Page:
When you’re faced with a new and challenging project, it can be difficult working out where to start. The same applies if you’ve reached an impasse with an existing project, or you want to inject some momentum into a process that’s stalled.
At a time when you need your team united with energy and momentum around an idea, it’s not uncommon for progress to come to a stuttering halt. Opinions, approvals, endless analysis and arguments can drag out decision-making and result in a designed-by-committee dead end.
So, how can you try new ideas, learn fast and make decisions quickly?
Design Sprints are receiving increasing profile as a better way to generate insights, make progress on an idea and design and test a prototype. They use a facilitated five-phase process to rapidly validate a new customer proposition, product, or feature within a restricted time frame.
Developed by Google Ventures and made famous by Jake Knapp’s book Sprint, the 5-day process is designed to step you through a week of intensive cross-functional work that leaves you with a working, user-tested prototype of your idea. Then, armed with proven customer insights, you can make informed business decisions based on real data instead of assumptions or opinions.
It works by getting key people from different parts of your business in a room to contribute their thoughts on the challenge you’re grappling with. This bypasses the maze of conflicting priorities that can exist inside and outside your organisation and avoids you getting lost in the maze of BAU committee-based decision making that hamstrings many organisations.
While the final call is made by a nominated decision-maker, a Design Sprint’s effectiveness and success rely heavily upon the contribution of ideas from all participants.
Why a Design Sprint?
So, what makes the Design Sprint process successful compared with other collaborative approaches? Primarily facilitation. Experienced facilitators balance the chaos and order to reach the sweet spot between encouraging a diversity of ideas and achieving a unified approach that gets results. Here’s how it’s done:
1.The inside word
Facilitators are given insights into all the participants in the room and any underlying politics that might exist before the Sprint begins. This allows them to prepare for situations, including interpersonal conflict, that might impede progress.
All contributors need to feel confident they can voice an opinion or concern, have their ideas acknowledged and be able to challenge those of others. With an understanding of any underlying issues, facilitators can be ready to mitigate potentially explosive partnerships and tactfully shut down unconstructive conversations or judgements.
2. Welcome to the Dotmocracy
Post-it notes, lots of Post-its, large and small, are a facilitator’s best friend. In a Design Sprint, all ideas go down on paper. Everyone can write ideas down, everyone can see them, and everyone can vote for their choices using a clear and simple process, dot-voting. The voting serves as a group signal to the decision maker, but correctly done fosters discussion and helps build consensus while avoiding “decision by committee”.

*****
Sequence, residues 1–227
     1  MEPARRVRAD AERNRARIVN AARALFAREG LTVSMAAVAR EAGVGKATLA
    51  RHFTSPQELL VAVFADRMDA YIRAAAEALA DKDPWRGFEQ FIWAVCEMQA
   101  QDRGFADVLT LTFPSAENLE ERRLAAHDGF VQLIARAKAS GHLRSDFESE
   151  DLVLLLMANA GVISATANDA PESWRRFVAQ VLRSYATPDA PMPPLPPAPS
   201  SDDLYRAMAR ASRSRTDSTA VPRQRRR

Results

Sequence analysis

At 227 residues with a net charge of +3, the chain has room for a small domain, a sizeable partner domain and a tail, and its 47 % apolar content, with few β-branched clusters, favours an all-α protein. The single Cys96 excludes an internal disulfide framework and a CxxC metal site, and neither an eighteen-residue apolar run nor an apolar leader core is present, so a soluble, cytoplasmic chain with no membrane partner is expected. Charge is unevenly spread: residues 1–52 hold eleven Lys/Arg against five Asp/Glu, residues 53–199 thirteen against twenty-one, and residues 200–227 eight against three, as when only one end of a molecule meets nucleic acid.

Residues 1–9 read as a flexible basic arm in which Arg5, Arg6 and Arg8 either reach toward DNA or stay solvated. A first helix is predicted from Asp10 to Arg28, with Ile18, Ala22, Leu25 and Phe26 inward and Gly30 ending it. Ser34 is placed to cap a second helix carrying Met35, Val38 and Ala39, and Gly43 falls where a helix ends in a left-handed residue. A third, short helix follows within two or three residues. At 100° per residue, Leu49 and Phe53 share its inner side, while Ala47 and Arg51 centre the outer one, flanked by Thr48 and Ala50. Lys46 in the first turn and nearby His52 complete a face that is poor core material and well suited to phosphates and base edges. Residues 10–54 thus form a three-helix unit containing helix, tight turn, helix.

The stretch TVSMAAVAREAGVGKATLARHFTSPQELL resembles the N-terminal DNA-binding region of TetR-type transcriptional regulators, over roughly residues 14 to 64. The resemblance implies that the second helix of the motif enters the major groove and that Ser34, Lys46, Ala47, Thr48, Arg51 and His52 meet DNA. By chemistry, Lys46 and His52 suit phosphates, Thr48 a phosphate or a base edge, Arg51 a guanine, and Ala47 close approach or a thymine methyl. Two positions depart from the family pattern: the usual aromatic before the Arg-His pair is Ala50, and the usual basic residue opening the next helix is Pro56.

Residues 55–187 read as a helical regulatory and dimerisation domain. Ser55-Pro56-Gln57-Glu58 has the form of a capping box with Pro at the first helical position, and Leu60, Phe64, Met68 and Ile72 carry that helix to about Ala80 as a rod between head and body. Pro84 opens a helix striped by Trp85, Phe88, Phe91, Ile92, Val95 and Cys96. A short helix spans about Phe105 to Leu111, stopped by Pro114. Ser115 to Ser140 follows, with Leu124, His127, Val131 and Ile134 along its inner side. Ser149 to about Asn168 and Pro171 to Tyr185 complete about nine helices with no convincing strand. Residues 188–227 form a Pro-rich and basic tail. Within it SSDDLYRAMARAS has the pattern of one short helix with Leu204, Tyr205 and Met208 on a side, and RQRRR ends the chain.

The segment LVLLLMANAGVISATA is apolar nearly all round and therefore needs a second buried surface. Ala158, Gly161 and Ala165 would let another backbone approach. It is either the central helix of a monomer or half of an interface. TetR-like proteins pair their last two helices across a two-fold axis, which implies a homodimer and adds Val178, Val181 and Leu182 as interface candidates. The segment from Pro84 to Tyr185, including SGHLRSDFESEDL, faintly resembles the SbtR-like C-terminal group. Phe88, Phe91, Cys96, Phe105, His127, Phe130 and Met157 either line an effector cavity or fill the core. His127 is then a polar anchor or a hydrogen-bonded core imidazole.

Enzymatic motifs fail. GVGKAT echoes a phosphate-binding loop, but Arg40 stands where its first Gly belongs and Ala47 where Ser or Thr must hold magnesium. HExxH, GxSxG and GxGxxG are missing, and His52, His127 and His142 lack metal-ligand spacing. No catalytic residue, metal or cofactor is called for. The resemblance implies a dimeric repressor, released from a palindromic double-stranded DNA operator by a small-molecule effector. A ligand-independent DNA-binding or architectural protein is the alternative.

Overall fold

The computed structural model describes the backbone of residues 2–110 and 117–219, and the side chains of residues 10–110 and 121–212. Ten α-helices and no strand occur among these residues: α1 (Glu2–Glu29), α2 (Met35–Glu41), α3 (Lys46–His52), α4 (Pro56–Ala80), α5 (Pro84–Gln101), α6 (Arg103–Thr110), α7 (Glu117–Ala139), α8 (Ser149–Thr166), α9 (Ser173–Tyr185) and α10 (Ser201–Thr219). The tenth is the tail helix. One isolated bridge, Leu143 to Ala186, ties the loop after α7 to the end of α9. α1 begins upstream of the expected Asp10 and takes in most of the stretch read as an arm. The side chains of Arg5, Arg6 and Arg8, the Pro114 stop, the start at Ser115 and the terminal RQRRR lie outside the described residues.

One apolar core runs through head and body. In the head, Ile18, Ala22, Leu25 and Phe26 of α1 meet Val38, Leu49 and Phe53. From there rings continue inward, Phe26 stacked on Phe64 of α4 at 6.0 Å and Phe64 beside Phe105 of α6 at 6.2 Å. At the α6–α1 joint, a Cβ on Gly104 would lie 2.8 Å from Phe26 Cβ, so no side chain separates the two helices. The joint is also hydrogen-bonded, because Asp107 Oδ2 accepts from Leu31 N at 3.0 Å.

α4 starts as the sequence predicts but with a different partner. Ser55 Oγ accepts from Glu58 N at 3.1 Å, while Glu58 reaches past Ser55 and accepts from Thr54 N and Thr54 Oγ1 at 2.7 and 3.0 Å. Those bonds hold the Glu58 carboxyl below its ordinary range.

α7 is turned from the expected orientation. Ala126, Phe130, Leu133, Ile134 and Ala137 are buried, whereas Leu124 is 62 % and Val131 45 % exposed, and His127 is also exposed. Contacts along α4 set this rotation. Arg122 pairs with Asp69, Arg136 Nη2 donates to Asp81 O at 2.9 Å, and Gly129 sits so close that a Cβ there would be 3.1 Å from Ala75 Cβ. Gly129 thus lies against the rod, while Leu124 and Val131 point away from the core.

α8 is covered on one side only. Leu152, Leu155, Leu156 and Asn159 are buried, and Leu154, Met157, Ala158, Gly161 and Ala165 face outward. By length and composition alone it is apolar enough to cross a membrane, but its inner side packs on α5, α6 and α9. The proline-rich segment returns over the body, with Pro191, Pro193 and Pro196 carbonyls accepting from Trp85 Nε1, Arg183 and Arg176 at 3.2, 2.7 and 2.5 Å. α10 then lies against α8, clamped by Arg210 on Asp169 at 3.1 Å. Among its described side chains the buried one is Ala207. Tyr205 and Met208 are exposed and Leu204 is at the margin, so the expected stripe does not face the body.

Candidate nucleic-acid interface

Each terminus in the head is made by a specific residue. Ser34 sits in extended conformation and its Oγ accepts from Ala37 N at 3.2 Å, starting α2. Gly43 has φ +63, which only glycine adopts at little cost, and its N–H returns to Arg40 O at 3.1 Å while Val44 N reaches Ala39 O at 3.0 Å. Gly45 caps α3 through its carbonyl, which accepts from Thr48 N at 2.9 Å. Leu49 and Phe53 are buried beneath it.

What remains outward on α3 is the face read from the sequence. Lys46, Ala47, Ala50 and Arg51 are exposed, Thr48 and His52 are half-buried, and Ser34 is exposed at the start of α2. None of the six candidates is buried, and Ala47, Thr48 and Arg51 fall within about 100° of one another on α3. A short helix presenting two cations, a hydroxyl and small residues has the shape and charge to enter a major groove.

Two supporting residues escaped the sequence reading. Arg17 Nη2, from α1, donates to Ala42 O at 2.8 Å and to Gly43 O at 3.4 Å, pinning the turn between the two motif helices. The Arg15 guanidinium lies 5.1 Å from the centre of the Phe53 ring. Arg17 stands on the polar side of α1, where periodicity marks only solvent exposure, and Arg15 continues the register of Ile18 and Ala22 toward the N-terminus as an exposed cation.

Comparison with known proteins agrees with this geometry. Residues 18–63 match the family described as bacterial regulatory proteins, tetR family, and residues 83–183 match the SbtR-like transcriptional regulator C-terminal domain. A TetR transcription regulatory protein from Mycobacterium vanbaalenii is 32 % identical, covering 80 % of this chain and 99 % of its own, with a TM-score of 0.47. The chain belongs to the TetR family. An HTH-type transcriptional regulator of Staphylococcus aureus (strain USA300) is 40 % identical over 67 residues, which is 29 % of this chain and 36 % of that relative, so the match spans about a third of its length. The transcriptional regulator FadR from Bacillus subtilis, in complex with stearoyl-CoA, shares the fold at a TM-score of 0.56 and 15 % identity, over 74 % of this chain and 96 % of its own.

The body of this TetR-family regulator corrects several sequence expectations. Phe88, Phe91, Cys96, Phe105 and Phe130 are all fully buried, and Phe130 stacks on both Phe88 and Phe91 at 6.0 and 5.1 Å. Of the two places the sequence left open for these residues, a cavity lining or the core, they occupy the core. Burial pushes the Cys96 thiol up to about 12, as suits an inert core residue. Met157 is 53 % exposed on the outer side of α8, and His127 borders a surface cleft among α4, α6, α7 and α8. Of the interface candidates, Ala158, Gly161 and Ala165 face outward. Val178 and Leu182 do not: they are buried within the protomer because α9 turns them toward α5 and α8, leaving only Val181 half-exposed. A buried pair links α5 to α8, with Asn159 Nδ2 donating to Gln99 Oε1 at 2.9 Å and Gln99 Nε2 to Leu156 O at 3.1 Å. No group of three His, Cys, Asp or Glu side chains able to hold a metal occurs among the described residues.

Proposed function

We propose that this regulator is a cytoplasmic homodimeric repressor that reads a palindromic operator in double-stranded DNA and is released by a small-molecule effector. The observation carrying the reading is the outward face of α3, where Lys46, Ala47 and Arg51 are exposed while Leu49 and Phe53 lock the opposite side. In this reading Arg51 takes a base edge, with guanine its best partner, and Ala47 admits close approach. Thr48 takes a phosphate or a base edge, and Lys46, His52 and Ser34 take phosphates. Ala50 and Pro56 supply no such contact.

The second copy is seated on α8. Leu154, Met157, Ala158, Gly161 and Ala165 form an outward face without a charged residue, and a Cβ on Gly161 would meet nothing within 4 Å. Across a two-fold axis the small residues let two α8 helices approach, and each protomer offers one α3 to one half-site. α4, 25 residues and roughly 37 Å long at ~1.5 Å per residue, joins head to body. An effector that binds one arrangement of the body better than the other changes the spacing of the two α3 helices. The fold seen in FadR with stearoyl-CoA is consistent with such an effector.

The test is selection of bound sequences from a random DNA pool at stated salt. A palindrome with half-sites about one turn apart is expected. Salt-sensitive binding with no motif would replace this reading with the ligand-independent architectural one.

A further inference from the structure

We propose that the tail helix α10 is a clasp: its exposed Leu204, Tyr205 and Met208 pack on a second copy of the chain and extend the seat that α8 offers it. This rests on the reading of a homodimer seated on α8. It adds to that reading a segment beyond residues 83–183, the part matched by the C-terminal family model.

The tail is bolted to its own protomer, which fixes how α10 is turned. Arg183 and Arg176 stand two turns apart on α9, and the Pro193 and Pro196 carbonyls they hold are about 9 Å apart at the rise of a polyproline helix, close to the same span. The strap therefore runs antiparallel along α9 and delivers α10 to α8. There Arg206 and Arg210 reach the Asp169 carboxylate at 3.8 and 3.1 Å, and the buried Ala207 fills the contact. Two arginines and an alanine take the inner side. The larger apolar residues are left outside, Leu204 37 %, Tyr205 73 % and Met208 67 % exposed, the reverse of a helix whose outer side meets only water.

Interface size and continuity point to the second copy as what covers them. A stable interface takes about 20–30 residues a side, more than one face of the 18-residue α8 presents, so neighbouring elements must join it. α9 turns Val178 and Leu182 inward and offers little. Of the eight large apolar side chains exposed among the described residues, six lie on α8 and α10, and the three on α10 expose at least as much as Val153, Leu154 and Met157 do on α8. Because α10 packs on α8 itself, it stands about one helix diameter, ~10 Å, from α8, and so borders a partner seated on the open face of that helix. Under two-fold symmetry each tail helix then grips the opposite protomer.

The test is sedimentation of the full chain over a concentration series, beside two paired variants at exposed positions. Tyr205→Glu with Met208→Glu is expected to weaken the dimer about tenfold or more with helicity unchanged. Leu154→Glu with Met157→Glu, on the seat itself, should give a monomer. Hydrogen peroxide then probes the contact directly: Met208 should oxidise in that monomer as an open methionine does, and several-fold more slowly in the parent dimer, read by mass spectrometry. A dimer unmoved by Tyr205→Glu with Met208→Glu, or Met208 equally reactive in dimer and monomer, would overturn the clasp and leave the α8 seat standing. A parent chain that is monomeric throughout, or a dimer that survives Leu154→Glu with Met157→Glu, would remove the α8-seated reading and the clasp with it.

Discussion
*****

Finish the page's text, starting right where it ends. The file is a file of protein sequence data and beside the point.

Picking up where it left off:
3. Method, not madness
Design Sprints are run according to a strict methodology. For example, time-boxed activities throughout the sprint include both quiet and loud time, undertaken individually and in groups. Mixing it up ensures that people with different working styles are given the opportunity to be creative and expressive in ways they’re most comfortable with.
4. Rules of engagement
Design Sprints are run by two facilitators – one to lead the direction of the activities and the other to keep participants engaged and unified. A facilitator’s role is not to provide ideas, but to create an environment that elicits ideas from participants in the best possible way.
Phones, laptops and other digital distractions are out. This ensures commitment from participants, and the slight separation anxiety they’re likely to experience also works to keep people in a beneficial state of uncomfortableness.
5. Facilitator feng shui
Everything down to the layout of the room plays a part in how a Design Sprint facilitator successfully manages a group. The ideal setting is to place stools in a circle, which helps boost collaboration and enhance the impression of equality. This is necessary for neutralising particularly overbearing contributors and neutralises dominance by overbearing individuals, regardless of their position or rank within an organisation.
We also use a lot of whiteboard and wall space to document our progress and have information quickly available when we need to.
6.The final say
While everyone can contribute equally to ideas, design-by-committee roadblocks are avoided by having one final decision maker (agreed before the sprint starts). The nominated person has unquestioned authority to make decisions on the spot during the sprint.This person must face the group with their decision in a forum that allows it to be challenged and discussed in a positive way. However, given the open and equal nature of the ideation process, participants should by this point feel comfortable that their voices and ideas have contributed towards the final decision.
Cross-functional collaboration is a critical part of understanding and designing any customer experience, but it doesn’t come without its challenges. At Jade we’ve seen first-hand how the Design Sprint framework – together with the direction of an experienced facilitator - helps to break down silos, allowing you to leverage valuable insights and perspectives for a more successful outcome.